Talk Frankly About Your Family Finances

July 28, 2013 | Kate Horrell

I receive many questions about how military families are “supposed” to organize their finances.  Military spouses asking how much money their servicemember husband or wife is “supposed” to give them.  Servicemembers asking how much money they are “supposed” to give their families.  Parents of both parties asking similar questions.  To me, these questions seem crazy.  There are no rules about this stuff (with the exception of required family support during separation and pre-divorce, and even those aren’t rules but rather guidelines.)

Every family is different and that each couple needs to create a system that works best for them.  However, there are a few things that make up a functional money management plan.

Clear and Frequent Communication

Couples must talk openly with each other about their income, their debts and their expenses.  A couple can not thrive financially if there are gaps in the information shared.  If you’ve never talked about money, it can be hard, but it gets easier until it isn’t an issue anymore.  Different families handle this different ways:  some have weekly or monthly meetings, some use a written method, and some use more casual conversations.

Whether or not you include children in these conversations will depend on your preferences and the children themselves.  Most people find that they share some information with kids, but not all the details.

No Preconceived Ideas

Every family is different.  What works for your friends, your neighbors, or your parents may not work for you.  Not only does each family have different incomes, debts and expenses, they also have different values and priorities.  One family may want a parent to be a full-time caregiver for the children, while another family may prefer that both parents work.  One family may value a big house but another family may like to use their money for travel.

This is not to say that you can’t learn from other people, and get new ideas.  I love to hear creative thoughts on financial management.  Sometimes these ideas are a good fit for our situation, and sometimes they are not.  We use the good stuff and throw out the rest.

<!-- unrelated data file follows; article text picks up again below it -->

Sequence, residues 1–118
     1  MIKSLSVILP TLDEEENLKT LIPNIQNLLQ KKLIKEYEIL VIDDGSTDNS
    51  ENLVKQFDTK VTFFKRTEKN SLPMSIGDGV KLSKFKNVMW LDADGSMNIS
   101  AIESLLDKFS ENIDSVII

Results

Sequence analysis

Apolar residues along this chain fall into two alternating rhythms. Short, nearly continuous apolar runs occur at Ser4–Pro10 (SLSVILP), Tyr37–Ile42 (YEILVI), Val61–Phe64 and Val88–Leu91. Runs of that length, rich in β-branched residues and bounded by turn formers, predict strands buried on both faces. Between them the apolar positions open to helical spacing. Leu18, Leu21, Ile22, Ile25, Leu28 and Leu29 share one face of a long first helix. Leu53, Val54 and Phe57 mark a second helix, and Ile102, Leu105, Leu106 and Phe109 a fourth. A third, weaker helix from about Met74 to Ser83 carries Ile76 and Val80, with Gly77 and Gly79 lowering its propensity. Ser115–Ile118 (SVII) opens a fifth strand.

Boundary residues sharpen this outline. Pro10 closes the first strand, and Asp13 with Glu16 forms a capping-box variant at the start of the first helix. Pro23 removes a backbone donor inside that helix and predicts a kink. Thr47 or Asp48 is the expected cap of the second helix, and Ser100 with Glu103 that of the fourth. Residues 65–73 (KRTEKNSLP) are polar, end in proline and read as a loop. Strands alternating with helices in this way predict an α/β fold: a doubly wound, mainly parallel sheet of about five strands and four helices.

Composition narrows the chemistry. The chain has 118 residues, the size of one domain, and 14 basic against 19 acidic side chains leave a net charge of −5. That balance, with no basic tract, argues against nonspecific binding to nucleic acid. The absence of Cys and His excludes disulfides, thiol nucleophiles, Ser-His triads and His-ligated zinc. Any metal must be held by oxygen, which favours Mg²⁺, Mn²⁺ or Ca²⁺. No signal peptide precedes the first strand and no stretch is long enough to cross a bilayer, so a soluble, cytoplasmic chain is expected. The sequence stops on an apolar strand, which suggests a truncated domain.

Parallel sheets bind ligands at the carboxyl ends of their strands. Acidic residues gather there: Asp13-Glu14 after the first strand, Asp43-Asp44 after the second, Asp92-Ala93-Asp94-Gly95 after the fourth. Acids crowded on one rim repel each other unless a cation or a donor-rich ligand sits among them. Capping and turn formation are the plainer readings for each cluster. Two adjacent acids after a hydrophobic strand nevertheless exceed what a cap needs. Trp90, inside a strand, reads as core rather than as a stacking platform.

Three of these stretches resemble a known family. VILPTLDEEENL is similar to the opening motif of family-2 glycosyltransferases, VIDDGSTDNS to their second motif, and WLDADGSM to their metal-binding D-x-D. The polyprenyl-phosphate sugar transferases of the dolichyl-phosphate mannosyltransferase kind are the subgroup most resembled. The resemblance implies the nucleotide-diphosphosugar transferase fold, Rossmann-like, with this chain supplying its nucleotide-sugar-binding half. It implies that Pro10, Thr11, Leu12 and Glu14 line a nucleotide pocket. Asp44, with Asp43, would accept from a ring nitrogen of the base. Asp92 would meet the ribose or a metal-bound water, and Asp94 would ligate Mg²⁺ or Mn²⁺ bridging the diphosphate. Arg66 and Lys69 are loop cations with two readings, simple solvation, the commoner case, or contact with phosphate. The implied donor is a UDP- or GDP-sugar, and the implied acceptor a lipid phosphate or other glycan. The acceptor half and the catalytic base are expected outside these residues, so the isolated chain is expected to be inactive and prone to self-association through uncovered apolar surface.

Realistic Expectations

As the song says, “You can’t always get what you want.”  It might be right, but I think that most of us can get what we want.  Just not all of it.  You’ve got to pick the wants that are truly important to you.  You also have to be willing to work with your spouse to make sure that some of their wants are fulfilled, as well.  And sometimes, you might have to wait.  Even a long time.

I point these three things out because they are important to whatever structure your family uses to manage your money.  There is no one way to do it, and there is no way you are “supposed” to do it.  As long as everyone in your family is cared for, and both partners feel that their wants and needs are being considered, then you’ve got a good system.

I will say that I think that sharing finances is a good way to develop a marriage.  It might not work for everyone, but I encourage people to try.  When my husband and I married, we combined our incomes into one checking account, and we put all our bills into the same pile.  Working through our bills, talking about our priorities, and choosing our spending, brought us together in a way that wouldn’t have happened if we had separate finances.

Bottom line:  work on it together, one way or another.  However your family decides to work these issues, a thoughtful plan that has been developed together is always better than the perfect plan that only one person has planned.